How to Empower Your Employees & Provide Opportunities for Growth

Susan Hunt Stevens is the founder and CEO of WeSpire, the employee engagement platform company that empowers forward-thinking global organizations to reach their greatest potential. WeSpire partners with Startup Institute to gain access to the talent in SI’s passionate alumni community.

Engaging employees has never been easy – especially in today’s always-connected world where it’s harder than ever to ensure employees are focused, empowered and engaged. But this isn’t an issue to be taken lightly. Much of the research and industry analysis being published today proves organizations that are able to successfully engage their workforce are higher-performing and more profitable. Beyond that, an engaged workforce can also drive increased shareholder value, productivity, innovation and bottom-line performance, all while reducing human resources costs related to hiring and retention.

As the workplace modernizes, employees expect and demand that their employers provide opportunities for empowerment and personal growth, leading to more fulfillment in and outside of the workplace. But if you’re like many of the organizations WeSpire works with, getting started on the pathway to employee engagement is often the hardest part. Here’s how you can take a page from the most successful organizations’ playbooks. These companies understand the increasingly important roles of purpose, positive impact and great managers in driving engagement:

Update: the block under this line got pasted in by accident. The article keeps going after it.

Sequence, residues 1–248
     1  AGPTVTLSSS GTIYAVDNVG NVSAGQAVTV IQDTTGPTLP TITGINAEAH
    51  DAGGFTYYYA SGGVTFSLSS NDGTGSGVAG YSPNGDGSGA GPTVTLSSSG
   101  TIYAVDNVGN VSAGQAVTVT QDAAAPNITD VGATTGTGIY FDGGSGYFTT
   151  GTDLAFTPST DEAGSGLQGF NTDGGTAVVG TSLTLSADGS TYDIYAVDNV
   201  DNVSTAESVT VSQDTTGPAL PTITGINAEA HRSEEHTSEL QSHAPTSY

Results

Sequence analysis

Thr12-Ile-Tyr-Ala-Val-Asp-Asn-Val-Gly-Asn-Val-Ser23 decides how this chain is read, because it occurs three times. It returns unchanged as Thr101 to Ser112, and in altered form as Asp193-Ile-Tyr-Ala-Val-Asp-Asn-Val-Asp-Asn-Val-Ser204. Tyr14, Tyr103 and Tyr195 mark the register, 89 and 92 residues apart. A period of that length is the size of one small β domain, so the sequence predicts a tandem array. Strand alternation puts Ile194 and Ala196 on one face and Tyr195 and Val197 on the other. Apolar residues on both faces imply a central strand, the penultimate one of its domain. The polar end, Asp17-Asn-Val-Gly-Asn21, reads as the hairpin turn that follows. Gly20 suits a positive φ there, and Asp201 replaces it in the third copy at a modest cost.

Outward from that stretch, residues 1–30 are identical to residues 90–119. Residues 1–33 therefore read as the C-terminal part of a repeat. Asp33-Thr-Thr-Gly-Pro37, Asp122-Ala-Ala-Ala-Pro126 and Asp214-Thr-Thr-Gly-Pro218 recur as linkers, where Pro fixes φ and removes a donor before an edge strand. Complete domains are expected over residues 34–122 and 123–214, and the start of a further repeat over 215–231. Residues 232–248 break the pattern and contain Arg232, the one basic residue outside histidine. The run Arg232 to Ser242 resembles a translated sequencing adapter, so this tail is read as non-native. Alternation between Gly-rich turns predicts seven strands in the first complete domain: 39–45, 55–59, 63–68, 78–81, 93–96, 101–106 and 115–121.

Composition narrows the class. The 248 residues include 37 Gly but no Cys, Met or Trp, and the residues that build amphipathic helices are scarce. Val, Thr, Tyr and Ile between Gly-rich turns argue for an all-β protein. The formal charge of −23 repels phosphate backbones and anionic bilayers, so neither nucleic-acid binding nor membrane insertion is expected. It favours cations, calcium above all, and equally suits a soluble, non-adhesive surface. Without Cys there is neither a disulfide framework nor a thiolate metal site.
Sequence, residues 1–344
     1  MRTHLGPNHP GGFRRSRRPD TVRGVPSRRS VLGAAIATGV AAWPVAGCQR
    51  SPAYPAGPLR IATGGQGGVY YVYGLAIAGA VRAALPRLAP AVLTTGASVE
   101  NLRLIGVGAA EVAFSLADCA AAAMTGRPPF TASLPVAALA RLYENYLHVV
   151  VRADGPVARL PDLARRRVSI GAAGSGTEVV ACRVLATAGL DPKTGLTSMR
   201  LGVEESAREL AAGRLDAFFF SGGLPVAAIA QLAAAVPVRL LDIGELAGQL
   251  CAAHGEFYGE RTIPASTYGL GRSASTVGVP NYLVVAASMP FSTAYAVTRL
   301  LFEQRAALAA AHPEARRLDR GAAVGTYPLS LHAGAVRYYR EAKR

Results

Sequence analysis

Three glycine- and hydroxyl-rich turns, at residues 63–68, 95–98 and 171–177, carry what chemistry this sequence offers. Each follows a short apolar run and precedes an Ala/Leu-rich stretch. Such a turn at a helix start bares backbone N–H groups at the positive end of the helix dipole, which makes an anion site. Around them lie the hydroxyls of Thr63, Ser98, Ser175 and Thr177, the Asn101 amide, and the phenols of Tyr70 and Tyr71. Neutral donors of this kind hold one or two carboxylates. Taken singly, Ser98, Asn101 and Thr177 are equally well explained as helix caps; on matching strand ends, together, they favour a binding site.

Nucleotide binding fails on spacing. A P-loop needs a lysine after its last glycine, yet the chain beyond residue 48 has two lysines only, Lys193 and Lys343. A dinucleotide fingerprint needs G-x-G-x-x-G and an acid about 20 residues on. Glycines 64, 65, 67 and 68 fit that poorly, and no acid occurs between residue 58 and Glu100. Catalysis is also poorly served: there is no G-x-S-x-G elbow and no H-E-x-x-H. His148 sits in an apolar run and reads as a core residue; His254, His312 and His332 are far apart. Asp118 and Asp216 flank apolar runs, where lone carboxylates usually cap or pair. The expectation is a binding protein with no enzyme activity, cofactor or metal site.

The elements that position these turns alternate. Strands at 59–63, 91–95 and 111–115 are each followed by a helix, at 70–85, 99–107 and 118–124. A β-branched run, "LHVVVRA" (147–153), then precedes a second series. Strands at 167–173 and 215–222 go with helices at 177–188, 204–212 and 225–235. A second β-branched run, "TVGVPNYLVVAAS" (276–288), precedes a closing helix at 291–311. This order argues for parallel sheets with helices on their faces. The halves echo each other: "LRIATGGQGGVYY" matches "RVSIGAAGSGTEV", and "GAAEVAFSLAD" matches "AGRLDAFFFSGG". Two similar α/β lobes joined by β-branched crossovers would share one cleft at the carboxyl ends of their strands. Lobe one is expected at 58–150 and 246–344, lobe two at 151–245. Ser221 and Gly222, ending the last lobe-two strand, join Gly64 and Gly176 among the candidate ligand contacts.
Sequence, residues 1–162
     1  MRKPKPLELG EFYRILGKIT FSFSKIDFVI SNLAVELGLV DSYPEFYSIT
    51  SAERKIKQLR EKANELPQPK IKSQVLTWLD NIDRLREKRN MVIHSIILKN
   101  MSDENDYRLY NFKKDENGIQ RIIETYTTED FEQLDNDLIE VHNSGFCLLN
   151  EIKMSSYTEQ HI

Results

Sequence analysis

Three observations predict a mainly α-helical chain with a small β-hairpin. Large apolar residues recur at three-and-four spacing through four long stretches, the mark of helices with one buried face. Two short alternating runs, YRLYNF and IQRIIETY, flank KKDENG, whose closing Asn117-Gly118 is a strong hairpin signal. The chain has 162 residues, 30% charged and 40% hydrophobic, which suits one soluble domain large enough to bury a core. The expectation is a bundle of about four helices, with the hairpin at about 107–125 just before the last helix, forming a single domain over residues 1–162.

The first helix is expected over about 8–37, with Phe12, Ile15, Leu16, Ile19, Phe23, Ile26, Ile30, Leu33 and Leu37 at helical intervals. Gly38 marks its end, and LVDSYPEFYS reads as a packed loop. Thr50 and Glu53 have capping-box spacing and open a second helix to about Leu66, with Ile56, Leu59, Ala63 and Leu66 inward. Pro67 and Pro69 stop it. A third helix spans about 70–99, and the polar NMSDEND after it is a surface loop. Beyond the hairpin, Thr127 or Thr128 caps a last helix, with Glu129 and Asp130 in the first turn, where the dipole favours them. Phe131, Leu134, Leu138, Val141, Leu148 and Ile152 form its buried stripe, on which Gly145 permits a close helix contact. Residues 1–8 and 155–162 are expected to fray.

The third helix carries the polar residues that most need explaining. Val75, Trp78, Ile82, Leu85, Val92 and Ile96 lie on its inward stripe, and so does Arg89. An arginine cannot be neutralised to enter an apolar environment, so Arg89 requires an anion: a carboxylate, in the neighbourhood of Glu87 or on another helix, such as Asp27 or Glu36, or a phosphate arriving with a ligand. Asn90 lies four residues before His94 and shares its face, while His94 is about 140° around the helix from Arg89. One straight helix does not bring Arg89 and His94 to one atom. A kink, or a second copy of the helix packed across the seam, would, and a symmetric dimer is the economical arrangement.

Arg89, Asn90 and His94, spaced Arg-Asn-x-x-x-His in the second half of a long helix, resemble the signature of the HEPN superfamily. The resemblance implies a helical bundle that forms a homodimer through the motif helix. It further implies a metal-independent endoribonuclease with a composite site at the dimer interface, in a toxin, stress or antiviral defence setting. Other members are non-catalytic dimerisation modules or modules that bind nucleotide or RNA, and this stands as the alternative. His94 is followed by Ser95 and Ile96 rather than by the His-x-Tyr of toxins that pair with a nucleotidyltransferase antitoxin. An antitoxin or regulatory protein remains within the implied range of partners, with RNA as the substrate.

1. Implement tools that improve the work experience.

As much as organizations would like to have engagement just “happen,” employees need tools, solutions, and programs that support their efforts in and outside the workplace, and that help transform one-time actions into committed habits for long-term positive impact. The options here are endless, but one that has worked particularly well with WeSpire clients are robust sustainability programs.

Solutions that promote recycling, composting, green commuting alternatives and more, as well as enable employees to track their actions and be rewarded or recognized for their efforts, positively drive employees’ workplace engagement, satisfaction and overall productivity. Ultimately, it’s critical not to underestimate the power of purpose and positive impact–employees who are able to get involved in activities that contribute to the greater good (whether that be connected to their company or outside communities) are often happier in their jobs and better contribute to their organizations’ bottom lines.

2. Make it social.

It’s no secret that people respond well to positive feedback and group learning. By encouraging employees to connect with each other through employee engagement platforms, they’ll be able to get advice, share ideas and support one another’s efforts. The power behind this is the network effect – or the idea that even small, individual actions can snowball to create an enormous cumulative impact that affects the company and the world.